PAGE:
The ensemble of the show worked well together. All of the dance numbers were perfectly in sync. One of the especially enjoyable group numbers was the group tap number that consisted of an entire office worth of characters singing and tapping together. The energy brought to the show by the entirety of those involved in the production kept the show running smoothly, without any lulls in enthusiasm or awkwardness between scenes.
The technical aspects of the show were well done as well. The set, designed by the students, was fitting for each scene, without being too difficult to maneuver between scene changes. The wheeled set pieces could create hotel rooms, an office, a front desk, and a club contributed to the believability of the show. Although there were some slight issues with sound levels, the actors and tech crew did not allow them to steal focus from the rest of the show.
Centennial High Schools production of Thoroughly Modern Millie was incredible combination of liveliness and excitement that was sure to leave all of those who watched it wishing they could travel back in time to the 20’s.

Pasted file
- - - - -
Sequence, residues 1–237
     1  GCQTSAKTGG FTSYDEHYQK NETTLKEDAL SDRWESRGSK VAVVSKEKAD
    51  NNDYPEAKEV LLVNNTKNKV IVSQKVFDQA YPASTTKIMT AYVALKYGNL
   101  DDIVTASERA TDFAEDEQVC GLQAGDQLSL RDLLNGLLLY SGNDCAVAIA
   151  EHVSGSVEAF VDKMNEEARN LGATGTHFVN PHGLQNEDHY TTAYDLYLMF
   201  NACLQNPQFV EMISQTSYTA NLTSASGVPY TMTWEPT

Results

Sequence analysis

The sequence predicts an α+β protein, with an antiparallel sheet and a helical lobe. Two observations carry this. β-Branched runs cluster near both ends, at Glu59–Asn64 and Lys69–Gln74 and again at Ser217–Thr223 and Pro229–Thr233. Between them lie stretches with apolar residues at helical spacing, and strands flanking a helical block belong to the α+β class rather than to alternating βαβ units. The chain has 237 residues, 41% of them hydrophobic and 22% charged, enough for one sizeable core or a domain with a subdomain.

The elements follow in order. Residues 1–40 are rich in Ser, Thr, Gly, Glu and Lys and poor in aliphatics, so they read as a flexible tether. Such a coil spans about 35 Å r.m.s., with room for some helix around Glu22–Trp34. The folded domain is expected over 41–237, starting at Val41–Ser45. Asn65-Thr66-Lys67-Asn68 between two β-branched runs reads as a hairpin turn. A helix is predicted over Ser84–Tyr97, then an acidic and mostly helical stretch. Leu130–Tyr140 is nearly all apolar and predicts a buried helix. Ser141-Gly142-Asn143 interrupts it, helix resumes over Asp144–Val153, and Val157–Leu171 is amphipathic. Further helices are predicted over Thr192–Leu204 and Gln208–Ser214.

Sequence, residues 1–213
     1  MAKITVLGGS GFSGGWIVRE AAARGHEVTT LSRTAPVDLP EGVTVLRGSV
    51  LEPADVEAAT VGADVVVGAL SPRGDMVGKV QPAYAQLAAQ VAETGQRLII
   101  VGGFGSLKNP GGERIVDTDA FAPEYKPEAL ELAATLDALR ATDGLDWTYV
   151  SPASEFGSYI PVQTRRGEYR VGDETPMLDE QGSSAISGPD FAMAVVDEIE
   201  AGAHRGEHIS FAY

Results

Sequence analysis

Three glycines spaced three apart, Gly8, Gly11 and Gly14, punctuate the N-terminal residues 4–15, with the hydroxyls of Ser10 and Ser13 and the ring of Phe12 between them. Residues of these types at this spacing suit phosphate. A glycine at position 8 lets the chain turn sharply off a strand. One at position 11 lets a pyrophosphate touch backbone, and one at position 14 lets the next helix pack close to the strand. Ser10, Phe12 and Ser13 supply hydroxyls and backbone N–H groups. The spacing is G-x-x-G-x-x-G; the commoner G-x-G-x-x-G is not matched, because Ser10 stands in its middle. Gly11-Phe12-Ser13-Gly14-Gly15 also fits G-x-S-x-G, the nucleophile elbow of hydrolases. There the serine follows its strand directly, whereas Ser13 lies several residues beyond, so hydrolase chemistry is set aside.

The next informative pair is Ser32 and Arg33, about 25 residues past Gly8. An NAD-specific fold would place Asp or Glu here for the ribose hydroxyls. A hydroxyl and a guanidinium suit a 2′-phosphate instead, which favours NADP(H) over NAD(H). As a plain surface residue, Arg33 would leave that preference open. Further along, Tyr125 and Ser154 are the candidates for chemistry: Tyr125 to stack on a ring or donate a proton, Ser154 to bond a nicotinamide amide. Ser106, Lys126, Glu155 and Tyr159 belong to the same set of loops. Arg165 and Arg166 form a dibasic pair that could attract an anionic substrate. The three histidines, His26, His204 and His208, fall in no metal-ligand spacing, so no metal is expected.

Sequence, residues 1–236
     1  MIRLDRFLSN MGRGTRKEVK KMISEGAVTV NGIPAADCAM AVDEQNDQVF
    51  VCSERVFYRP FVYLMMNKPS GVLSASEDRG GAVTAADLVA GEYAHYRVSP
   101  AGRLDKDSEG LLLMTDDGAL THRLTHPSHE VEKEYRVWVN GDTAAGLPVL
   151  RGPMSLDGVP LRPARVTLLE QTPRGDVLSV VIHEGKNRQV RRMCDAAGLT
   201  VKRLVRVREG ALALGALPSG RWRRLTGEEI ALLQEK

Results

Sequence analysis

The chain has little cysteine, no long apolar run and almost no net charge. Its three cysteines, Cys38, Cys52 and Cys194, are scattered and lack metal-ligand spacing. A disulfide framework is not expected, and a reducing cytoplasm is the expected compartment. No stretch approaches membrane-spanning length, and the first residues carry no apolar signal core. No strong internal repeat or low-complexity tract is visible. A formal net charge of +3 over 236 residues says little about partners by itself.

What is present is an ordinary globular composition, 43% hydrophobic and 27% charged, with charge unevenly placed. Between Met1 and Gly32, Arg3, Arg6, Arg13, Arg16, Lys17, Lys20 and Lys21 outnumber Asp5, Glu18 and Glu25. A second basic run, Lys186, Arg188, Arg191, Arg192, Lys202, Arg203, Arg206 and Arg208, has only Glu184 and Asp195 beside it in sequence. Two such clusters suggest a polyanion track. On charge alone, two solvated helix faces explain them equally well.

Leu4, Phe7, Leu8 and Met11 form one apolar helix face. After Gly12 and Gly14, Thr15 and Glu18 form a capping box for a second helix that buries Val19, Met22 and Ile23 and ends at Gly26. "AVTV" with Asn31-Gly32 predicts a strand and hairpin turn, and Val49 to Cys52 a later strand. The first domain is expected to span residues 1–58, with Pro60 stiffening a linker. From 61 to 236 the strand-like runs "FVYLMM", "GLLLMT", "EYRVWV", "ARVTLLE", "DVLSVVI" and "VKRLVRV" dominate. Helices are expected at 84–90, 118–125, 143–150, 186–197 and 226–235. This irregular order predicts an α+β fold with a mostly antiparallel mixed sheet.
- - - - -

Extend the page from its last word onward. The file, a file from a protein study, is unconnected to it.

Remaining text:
“White slavery” was never all that funny, and neither Thoroughly Modern Millie, nor the students on the production team at Centennial High School, dare make it so. But it does make for a terrible consequence of seeking success in showbiz in New York City, but coming unprepared.
Millie, a girl from an inconsequential town in Kansas, sets off for 1920’s New York to make it big and make it quick, but is knocked to the ground as she throws her arms skyward upon arrival. Things further deteriorate from there as Millie checks in to a hotel where the proprietor secretly engages in human trafficking and the man Millie throws herself after – her financially-endowed boss once she settles for the work of a stenographer – seems to be uninterested.
Of course, the star of the show is young, naïve Millie Dillmount, portrayed by an impressive Ashley Delaney. Most remarkable was her singing voice, which seemed to grow stronger over the course of the play even after powering through boisterous songs like “Not For the Life of Me” and “Gimme Gimme”. Millie’s ambivalent lover, Jimmy Smith, was made almost lovable by Patrick Burr. While he was not singing in a smooth tenor, he took care to make his interactions with Millie seem genuine, which allowed his love for Millie peek through just enough for the audience to embrace him. Erin Adams (Mrs. Meers) was hysterical with her squealing, faux-Chinese accent, sinister grins and slithering walk.